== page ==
The key statistic to measure offensive production in baseball, based on the above, is a statistic called “runs scored”. The key sub statistics that make this up would be stats such as “on base percentage” and “runs batted in”. To get a “run batted in” a hitter must be able to get a base hit when there are runners on base to drive in. There is a key statistic that measures this. That stat is “batting average with runners in ‘scoring position’”. (“Scoring position” is when a base runner arrives safely at second base, at least, or third base. The reason these are considered “scoring position” is because when a runner advances that far it becomes reasonably possible for him to score on a base hit, even a single, by a teammate.) Take a look at these stats and the mystery of the Mariners losing ways is a mystery no more.
Going into today’s games, out of 30 Major League teams, all but two have scored more runs than the Mariners (322). Their team “On Base Percentage” is .305; tied for 7th worst among the 30 teams and 15 percentage points below the league average. But the stat that really tells the tale is how the Mariners hit with “runners in scoring position” (RISP). As of a couple of days ago the Mariners were hitting a meager .229 as a team with RISP. (A figure made even lower with yesterdays 0-11 performance with RISP in Cincinnati.) That’s worse than every major league team except the Padres and Astros. Compounding this is the fact that 2 Mariner hitters, Kendrys Morales and Raul Ibanez are hitting well above the league average with RISP at .381 and .321 respectively, meaning the rest of the team is hitting a combined .195. The fact is that the Mariners as a team are not very good at getting runners into scoring position and when they do they are terrible at driving them in. Hence they lose.
Making this even more frustrating is the fact that Mariner starting pitchers Hisashi Iwakuma and Felix Hernandez are number 1 and 2 among American League pitchers in earned run average at 2.60 and 2.69 respectively; performances being largely wasted by the Mariners poor offense.
All of this begs another question: what is wrong with the Mariners that after years of futility at hitting with RISP, they simply cannot correct it? It does not speak well for the coaches and managers in the M’s system that they are not developing players with the required skills to be able to get on base, drive runners in once they have gotten there, or correct players when they are slumping. To be fair, there is evidence this is starting to change with some of their players. Kyle Seager is turning into a top flight major league hitter and Nick Franklin is hitting nearly .300 through his first month in the majors and has a good average with RISP. But emphasizing the point are Dustin Ackley and Michael Saunders, who continue to struggle mightily with extended slumps, and Brendan Ryan, who despite his stellar defense, has been benched because since arriving in Seattle last year he has forgotten how to hit. (.199 batting average across the first half of this season following a .194 avg. last year) No one seems to be able to fix these guys.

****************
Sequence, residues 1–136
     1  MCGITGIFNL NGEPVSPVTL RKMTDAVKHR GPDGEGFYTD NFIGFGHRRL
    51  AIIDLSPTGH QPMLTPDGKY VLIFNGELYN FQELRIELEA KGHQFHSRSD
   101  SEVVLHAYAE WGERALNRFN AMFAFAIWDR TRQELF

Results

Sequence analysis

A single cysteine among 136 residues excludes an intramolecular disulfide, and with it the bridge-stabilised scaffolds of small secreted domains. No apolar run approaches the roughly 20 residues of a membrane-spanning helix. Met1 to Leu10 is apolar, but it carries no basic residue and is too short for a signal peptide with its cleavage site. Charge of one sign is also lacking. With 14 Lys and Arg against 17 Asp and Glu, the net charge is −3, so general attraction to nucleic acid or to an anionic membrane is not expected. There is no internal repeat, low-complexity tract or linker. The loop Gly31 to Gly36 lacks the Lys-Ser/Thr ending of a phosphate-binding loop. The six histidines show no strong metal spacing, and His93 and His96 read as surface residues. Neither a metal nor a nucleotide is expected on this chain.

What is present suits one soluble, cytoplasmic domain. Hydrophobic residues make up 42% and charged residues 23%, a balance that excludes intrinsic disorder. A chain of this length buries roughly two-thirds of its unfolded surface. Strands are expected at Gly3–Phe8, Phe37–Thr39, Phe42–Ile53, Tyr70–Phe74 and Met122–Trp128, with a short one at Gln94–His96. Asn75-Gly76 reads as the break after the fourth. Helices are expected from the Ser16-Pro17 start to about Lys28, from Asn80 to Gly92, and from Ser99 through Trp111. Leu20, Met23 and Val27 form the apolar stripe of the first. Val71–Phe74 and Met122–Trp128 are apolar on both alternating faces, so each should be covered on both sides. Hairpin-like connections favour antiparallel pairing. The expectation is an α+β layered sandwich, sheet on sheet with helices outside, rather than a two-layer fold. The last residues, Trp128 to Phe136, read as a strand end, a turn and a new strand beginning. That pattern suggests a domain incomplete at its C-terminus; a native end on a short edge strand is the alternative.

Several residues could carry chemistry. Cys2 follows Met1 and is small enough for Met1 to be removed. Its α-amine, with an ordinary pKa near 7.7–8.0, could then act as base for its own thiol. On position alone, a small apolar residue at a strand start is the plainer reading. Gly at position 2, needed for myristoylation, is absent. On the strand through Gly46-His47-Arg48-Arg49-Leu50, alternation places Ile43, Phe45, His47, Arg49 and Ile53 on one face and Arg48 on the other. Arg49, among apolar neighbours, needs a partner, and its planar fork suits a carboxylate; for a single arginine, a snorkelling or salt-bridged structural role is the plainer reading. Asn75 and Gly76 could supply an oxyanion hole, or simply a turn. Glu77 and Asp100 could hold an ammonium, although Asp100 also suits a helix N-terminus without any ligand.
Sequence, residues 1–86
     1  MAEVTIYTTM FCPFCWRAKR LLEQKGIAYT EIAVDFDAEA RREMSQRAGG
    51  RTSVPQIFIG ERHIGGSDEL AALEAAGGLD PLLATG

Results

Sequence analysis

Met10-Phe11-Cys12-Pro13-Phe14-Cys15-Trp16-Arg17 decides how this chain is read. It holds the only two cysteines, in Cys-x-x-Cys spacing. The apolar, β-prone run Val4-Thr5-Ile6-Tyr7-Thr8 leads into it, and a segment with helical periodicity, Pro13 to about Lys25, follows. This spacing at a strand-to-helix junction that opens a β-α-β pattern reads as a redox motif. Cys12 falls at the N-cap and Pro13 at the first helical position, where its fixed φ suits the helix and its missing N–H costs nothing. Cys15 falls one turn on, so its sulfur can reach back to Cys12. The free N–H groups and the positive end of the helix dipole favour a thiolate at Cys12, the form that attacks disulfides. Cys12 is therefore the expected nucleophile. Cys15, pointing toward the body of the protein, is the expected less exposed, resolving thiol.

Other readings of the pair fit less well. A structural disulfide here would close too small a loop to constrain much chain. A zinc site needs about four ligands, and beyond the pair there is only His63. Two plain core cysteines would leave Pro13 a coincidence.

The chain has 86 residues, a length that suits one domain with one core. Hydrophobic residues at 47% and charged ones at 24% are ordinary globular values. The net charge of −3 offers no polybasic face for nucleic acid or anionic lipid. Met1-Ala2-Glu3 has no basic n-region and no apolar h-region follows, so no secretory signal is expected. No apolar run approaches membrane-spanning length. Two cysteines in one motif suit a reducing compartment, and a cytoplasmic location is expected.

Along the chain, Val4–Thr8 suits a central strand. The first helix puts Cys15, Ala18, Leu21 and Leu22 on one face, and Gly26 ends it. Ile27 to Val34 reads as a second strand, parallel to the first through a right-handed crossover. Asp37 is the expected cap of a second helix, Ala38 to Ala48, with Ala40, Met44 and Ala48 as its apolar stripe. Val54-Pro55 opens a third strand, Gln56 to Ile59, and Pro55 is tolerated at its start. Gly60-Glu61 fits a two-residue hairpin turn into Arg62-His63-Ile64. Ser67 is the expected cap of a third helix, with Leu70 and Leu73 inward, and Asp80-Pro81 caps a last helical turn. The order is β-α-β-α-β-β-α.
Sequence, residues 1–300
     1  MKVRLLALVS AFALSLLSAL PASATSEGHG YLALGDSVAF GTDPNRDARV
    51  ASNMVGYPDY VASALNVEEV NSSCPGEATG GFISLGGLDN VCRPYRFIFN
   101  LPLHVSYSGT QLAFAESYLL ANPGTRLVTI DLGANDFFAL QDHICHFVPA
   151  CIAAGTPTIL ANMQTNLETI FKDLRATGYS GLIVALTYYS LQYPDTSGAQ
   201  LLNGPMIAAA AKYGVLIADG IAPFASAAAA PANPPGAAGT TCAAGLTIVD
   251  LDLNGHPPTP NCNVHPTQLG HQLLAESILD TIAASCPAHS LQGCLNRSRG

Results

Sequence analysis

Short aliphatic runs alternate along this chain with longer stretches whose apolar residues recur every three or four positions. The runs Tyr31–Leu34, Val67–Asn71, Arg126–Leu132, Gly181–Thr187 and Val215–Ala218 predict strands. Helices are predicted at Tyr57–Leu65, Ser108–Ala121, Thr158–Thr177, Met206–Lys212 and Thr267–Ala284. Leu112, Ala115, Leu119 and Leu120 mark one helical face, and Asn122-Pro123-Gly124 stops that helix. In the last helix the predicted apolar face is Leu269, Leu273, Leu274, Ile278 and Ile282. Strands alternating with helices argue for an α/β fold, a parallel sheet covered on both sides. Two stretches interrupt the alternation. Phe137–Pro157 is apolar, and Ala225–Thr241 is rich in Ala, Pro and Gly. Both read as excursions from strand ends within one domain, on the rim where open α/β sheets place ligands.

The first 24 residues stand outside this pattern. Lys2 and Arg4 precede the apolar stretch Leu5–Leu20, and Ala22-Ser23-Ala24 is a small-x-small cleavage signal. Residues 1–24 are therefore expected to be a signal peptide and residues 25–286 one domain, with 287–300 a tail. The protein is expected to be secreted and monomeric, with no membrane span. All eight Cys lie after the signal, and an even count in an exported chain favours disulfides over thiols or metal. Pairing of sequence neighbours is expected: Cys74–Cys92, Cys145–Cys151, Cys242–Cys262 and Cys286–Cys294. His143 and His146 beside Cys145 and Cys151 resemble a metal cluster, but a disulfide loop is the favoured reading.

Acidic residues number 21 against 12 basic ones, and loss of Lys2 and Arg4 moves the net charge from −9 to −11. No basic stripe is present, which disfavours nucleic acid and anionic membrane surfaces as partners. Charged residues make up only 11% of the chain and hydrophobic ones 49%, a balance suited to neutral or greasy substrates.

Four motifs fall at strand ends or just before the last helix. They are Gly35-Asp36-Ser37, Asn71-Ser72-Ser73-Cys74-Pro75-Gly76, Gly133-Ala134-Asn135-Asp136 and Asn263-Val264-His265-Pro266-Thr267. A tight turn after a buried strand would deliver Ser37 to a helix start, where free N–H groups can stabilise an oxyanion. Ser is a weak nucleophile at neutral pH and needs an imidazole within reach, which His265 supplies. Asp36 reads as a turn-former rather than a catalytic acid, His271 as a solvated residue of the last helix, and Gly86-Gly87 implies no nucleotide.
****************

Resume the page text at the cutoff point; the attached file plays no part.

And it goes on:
As the Durham Bulls manager said in the movie, baseball really is a simple game. But, to play it at the major league level requires considerable skill, and probably the most important of these skills is hitting. Alas, until the Mariner players figure out how to do this and until the Mariner coaches and managers figure out how to teach it and correct it when it has gone awry, the Mariners will continue to struggle and we fans continue to suffer.
Copyright © 2013
By Mark Arnold
All Rights Reserved